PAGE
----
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Renew electrics or update certain parts?

Discussion in 'Electrics Outside of the UK' started by GillObrien, 9 Mar 2021.

  1. GillObrien

    GillObrien

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    Hi all

    I am posting here because I always had good advice when I lived in the UK and the forums here in France are not so helpful . Could be my French !

    I wanted a bit of advice. We are buying a house built in 1978. The electrical report came back with some anomalies, which are fairly standard here. They are:

    - there is no earth except in kitchens and bathrooms (not obligatory except on new build). You do however have to have sockets with only two holes. Most stuff you buy here has two pin plugs.
    - the consumer unit is original on all the circuits with no earth and has no low voltage fuses. The other on the circuits with earth wires is modern and conforms to new regulations.
    - certain equipotential bonds aren't the correct value (whatever that means).

    For info, circuits here are often run in false ceilings then vertically to each plug/light switch (example attached). The house has false ceilings everywhere and the wires are in the walls in sheaths. The wires are in good condition.

    We asked a couple of electricians to come and look at the work needed. And this is where I want your advice.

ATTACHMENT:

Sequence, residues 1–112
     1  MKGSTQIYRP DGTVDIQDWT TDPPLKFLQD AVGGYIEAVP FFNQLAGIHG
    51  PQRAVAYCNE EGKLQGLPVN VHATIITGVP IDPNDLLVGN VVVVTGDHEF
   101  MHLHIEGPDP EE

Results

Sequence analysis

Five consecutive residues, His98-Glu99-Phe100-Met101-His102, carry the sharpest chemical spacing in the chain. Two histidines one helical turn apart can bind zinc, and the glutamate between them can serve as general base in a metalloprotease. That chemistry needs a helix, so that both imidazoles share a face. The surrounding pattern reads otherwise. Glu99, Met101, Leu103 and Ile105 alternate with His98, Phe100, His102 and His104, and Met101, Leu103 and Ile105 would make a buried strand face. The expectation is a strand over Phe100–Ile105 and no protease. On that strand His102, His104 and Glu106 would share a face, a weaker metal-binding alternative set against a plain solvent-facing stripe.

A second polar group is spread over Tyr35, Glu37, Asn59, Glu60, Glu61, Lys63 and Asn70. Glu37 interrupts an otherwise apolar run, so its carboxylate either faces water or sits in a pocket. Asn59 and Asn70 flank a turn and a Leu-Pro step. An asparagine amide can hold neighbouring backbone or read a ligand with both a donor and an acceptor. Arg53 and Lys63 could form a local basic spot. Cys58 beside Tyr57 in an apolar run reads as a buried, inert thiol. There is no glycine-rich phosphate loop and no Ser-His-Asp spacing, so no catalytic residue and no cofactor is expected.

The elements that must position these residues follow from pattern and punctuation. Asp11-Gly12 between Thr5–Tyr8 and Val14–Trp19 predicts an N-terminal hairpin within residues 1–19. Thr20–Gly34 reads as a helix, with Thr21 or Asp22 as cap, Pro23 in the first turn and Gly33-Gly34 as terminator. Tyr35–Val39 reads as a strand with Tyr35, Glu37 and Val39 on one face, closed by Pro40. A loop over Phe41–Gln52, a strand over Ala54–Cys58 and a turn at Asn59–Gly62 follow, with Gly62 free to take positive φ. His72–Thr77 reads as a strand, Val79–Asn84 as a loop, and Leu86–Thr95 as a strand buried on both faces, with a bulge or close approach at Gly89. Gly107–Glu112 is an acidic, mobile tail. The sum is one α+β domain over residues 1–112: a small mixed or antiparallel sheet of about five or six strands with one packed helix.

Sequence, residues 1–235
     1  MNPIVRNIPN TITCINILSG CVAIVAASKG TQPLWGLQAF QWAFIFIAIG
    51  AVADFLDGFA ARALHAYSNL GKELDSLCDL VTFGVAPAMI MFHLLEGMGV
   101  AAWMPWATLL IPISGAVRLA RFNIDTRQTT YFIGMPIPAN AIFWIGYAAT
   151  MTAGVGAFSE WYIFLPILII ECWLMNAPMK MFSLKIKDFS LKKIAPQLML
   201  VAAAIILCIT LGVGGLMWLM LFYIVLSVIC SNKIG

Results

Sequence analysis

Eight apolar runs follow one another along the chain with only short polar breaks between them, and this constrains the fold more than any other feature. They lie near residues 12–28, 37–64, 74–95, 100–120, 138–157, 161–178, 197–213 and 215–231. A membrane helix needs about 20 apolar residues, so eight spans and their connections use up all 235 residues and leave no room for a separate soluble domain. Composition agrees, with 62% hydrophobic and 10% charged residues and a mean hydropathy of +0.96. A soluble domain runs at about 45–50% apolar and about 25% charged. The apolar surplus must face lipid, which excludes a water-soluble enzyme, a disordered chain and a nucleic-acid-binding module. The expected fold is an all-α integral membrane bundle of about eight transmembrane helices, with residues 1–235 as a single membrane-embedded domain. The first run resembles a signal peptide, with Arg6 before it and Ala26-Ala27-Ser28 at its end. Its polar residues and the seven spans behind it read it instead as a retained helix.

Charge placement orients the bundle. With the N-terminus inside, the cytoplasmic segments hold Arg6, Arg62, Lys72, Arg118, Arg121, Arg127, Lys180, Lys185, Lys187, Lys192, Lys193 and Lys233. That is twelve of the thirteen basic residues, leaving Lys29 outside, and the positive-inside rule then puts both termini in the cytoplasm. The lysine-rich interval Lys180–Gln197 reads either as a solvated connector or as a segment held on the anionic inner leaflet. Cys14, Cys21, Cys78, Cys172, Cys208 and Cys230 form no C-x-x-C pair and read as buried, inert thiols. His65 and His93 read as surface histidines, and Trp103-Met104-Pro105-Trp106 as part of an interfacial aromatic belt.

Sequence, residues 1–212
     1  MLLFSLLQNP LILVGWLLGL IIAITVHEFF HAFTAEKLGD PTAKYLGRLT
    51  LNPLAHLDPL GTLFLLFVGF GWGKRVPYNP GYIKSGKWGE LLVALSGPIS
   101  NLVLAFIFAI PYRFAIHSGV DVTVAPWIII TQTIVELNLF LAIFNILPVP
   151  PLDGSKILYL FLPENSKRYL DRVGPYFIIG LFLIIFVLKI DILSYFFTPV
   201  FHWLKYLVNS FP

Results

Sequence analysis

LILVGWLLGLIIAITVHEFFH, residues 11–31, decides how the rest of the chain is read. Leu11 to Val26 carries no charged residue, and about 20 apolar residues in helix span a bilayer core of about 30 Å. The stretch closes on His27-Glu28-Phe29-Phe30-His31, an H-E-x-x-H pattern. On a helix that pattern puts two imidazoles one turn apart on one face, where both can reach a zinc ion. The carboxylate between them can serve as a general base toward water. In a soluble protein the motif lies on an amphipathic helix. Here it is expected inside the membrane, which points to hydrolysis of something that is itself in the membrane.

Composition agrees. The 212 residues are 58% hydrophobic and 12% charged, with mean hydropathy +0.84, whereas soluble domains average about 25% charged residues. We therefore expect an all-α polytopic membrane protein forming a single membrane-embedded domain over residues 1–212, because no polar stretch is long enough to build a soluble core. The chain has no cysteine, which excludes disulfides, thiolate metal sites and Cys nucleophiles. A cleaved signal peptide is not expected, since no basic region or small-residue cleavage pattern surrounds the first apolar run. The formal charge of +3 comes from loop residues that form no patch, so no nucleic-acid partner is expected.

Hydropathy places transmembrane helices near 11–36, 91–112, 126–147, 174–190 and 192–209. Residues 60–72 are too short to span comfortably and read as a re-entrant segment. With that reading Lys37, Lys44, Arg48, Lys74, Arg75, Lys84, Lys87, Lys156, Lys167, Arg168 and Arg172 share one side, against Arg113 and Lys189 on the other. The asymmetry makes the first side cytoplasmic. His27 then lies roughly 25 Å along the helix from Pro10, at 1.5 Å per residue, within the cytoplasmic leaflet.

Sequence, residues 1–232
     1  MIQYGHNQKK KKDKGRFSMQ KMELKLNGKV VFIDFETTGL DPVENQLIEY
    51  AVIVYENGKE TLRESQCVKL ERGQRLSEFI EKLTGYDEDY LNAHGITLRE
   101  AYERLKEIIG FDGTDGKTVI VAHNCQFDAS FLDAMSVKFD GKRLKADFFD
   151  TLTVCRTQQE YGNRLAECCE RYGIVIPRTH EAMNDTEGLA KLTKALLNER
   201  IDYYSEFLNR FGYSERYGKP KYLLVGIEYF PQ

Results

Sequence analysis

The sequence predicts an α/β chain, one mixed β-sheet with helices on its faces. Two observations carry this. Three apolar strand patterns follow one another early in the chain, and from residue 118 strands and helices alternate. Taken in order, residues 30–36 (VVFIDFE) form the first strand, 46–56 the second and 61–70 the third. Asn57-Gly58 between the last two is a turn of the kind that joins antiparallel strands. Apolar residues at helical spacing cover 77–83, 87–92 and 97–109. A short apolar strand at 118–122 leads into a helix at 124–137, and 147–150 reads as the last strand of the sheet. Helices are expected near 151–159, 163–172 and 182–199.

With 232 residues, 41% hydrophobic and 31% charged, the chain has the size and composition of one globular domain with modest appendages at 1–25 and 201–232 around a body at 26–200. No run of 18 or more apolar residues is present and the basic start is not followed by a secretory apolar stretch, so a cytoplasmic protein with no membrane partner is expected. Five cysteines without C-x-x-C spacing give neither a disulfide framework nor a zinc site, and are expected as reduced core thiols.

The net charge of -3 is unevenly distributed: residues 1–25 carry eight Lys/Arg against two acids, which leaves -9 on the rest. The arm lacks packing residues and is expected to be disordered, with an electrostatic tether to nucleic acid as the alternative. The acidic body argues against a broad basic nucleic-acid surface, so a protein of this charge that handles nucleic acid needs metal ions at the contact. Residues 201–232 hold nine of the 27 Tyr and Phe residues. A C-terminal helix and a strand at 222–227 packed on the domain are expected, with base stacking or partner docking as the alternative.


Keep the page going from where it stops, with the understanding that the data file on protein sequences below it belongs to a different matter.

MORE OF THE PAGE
- two said the whole place needs rewiring. This involves taking down and renewing the false ceilings, cutting out the walls to access the wires. This leave an enormous amount of plastering and plaster boarding that we can't afford and seems excessive to me.
    - one said that there is no need to rewire everything. We should update the consumer unit, pull an earth or new cable through the existing sheaths and just add additional plugs where we want them. He also said we could keep the ceilings and just access through holes created in them. So we have less damage. The walls are in excellent condition and there are ornate cornice etc that we would like to keep.


    Does anyone have an idea if the second scenario is plausible? Or are we likely to find that it proves impossible and we end up doing the whole thing.

    Thank you for any input. I have read so many conflicting arguments that I am very lost.

    Thanks
    Gill

    Screenshot_20210309-130300_Chrome.jpg Screenshot_20210309-130347_Chrome.jpg
     
  2. ChrisEll66

    ChrisEll66

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    There isn't a correct answer - I'd get quotes and go go from there.

    Your wording - by false ceiling I assume you mean ceiling - plasterboard on beams - and the low voltage fuse means RCD? Normally you work from above with lighting circuits

    The diagnostique isn't obligatory its information only - so you don't have to do anything.

    The problem with pulling an earth through is thats fine as long as its properly wired in gaine (plastic trunking) with no hidden breakout/junction boxes - but it probably isn't - and the mess beneath floors with 1970's French wiring will be ......... Because your old board is almost certainly only switched on live - it can take forever to work out neutrals as its almost certainly wired with single cables. The other drawback is the Diagnostique looks at modern normes - come selling time your electrics will still get a long list of "faults".